I fear that this could in fact shrink, not increase, the pool of good 
candidates, by creating a new expectation that the DPL should work 
full-time on Debian.

- As Russ already noted, there are few employers where it is easy to 
take a year out.  Even where employers permit it, there will often be an 
associated step backwards in career progression.  Look at the number of 
laws written to attempt to protect women who take time out of a career 
to have children, but the apparent careeer disadvantage that still comes 
from it.

- Someone working freelance would be likely to lose most of their 
clients.

- An academic would suffer afterwards if they didn't continue to keep 
up with the latest research, and continue to help push forward 
publications or other projects that are already in progress.

- With the current one-year term, some people might have to use up a 
(Continue reading)

Enrico Zini | 14 Mar 11:10 2013

Re: [all candidates] DPL salary

On Thu, Mar 14, 2013 at 08:50:33AM +0100, Stefano Zacchiroli wrote:

> Due to time and travel demands, there are blockers in being DPLs. Most
> of them are work related. Within that category of blockers, some could
> be solved by a salary but many (according to your judgement) could not.
> If we agree on this, it means that we are losing many potential good DPL
> candidates due to those blockers.
> 
> The broader question is than: what can we do to loose those blockers and
> profit more from the abilities that we do have in our community?

To the problems with paying a DPL, I want to add another one: how does a
DPL know they're earning their keep? If I were elected DPL and given a
salary, I'd feel compelled to do stuff, or to care too much, even when
perhaps the best thing to do would be to do nothing and just trust
others to do their job.

We've definitely come to expect too much from a DPL, and we need to
break that up. It cannot be that we only have one person in the project
who holds the big picture, motivates everyone, monitors everything, and
does accounting.

The way out I can see is delegation. Delegation makes you more involved,
gives you responsibilities, holds you up to them. A delegated person can
be expected to have a vision of the future of their field, to know what
is going on, to ask for help when help is needed, to suggest successors
and step down if they become inactive.

A delegator's responsibility is to help maintain a high standard among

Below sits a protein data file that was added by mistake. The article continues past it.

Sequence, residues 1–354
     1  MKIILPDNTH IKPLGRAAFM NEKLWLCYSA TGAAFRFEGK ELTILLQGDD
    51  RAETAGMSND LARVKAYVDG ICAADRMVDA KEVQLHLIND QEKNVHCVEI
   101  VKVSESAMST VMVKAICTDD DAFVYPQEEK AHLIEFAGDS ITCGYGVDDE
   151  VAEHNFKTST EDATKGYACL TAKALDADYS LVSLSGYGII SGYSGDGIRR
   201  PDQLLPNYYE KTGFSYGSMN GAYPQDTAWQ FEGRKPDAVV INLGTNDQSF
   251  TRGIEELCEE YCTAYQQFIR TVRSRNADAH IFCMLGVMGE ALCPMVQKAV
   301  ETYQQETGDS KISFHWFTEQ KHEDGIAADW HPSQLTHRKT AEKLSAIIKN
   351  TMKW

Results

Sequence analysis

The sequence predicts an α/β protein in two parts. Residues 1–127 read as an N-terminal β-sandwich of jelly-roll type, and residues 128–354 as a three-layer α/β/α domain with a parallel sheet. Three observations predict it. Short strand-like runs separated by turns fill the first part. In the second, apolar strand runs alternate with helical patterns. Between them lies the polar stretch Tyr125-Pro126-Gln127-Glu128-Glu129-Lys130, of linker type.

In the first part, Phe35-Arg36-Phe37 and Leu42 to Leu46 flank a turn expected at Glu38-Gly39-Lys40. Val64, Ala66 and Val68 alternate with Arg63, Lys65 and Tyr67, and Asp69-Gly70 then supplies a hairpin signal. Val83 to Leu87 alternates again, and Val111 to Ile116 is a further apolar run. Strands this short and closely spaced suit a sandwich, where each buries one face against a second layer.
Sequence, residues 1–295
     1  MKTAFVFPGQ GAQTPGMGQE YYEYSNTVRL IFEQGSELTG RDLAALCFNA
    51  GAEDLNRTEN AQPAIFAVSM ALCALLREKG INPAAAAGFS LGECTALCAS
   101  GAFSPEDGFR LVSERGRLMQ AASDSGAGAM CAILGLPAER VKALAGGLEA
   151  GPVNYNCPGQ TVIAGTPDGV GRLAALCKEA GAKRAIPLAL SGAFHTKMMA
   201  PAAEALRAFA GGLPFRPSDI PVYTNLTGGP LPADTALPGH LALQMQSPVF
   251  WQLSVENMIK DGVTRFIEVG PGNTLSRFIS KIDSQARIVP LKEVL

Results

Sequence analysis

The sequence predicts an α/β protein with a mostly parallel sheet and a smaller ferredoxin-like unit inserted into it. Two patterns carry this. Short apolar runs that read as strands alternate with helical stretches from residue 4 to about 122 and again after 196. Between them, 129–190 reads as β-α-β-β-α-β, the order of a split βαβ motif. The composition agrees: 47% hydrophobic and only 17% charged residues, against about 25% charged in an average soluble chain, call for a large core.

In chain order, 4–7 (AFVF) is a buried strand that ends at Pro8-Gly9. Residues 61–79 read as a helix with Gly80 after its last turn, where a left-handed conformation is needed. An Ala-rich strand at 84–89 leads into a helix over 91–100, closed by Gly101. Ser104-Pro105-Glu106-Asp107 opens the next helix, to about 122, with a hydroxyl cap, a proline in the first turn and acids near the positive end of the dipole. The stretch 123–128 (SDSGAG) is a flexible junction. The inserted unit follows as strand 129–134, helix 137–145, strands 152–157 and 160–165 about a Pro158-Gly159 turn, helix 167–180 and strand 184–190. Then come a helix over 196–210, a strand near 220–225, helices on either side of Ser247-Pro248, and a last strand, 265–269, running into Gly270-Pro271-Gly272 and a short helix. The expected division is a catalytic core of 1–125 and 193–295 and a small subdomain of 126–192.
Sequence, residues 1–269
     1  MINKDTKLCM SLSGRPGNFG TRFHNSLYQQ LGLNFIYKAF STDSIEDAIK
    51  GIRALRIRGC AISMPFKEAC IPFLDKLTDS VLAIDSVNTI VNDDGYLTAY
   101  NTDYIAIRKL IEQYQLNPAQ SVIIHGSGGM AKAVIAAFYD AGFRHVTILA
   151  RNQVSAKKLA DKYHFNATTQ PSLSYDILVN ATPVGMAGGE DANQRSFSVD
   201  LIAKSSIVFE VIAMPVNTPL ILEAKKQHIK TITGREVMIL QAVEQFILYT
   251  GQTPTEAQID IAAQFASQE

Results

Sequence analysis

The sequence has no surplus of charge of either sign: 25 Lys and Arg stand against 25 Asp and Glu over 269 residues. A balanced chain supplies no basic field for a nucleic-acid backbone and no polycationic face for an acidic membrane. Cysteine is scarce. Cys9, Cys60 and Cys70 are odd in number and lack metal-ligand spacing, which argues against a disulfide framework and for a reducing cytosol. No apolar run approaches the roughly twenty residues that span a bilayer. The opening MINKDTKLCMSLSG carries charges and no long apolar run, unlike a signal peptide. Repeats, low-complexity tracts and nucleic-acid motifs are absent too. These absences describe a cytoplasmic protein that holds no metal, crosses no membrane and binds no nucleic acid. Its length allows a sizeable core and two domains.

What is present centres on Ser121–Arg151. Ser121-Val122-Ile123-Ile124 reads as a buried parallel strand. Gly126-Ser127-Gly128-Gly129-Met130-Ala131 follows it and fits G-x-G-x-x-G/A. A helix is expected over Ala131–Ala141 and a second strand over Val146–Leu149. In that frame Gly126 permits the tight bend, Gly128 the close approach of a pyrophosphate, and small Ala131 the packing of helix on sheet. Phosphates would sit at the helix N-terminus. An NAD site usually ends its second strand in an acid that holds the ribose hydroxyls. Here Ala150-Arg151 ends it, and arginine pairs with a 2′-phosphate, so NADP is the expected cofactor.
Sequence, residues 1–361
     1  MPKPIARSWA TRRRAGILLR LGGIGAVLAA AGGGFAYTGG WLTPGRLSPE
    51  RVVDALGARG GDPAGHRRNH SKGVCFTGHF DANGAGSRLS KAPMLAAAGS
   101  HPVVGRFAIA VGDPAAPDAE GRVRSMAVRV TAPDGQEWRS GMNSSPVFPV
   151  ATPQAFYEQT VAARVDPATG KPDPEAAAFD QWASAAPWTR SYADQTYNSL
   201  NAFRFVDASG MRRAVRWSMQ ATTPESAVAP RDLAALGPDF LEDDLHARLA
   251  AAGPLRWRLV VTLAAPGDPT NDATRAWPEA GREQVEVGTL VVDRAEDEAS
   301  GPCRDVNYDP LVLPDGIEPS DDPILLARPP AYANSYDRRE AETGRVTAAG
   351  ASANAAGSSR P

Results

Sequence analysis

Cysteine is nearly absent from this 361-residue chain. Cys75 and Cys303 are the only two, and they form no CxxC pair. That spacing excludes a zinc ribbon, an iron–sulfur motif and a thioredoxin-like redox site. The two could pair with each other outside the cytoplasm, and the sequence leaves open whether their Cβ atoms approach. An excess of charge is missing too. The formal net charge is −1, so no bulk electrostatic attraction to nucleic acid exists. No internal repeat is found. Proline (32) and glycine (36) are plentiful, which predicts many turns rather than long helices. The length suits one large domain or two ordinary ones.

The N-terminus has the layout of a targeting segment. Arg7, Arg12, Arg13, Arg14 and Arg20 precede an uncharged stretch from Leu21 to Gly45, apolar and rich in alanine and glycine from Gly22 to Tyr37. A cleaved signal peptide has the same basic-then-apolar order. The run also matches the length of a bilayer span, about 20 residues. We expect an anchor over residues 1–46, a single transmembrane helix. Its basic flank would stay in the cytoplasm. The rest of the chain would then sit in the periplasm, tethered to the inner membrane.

delegates, which doesn't only mean to undelegate them if they don't do a
(Continue reading)

Moray Allan | 14 Mar 13:02 2013

Leadership in Debian (was Re: [all candidates] DPL salary)

On 2013-03-14 13:10, Enrico Zini wrote:
> We've definitely come to expect too much from a DPL, and we need to
> break that up. [...]

Thanks.  Your message explains better what I've mentioned, that (even 
ignoring the associated problems) I don't see it as healthy for us to 
push for a DPL with more and more time, but rather to fix the job to be 
more possible on available time.

I don't say that because of my own situation, but because I want us to 
continue to be able to have a good set of DPL candidates to choose from. 
The more people see an expectation of a "full time" role, the fewer 
people will be willing to run -- in my view, this would be true for the 
most appropriate candidates even if we paid the DPL a salary.

I believe that Debian is at its best when it is a flat organisation 
where different groups and individual contributors work together 
directly as needed.  The DPL and others can help by following progress, 
speaking to delegates, suggesting help where it is needed, and so on.  
But in each case they should be aiming to nurture healthy teams that 
function well without intervention, not to make themselves continually 
indispensable in every area.

I think this type of leadership can be tricky for many of us, partly 
due to tendencies in wider geek culture.  When we see something 
non-ideal, we tend to be quick to think of solutions that seem better to 
us, and to want to share them, and it tends to be hard for us to leave 
things alone to be implemented once we have made some input that might 
be forgotten or misunderstood.  We tend to think in terms of the 
elegance of a correct solution, and be suspicious of lessons on social 
(Continue reading)

Gergely Nagy | 16 Mar 11:32 2013

Re: [all candidates] DPL salary

Stefano Zacchiroli <zack <at> debian.org> writes:

> Due to time and travel demands, there are blockers in being DPLs. Most
> of them are work related. Within that category of blockers, some could
> be solved by a salary but many (according to your judgement) could not.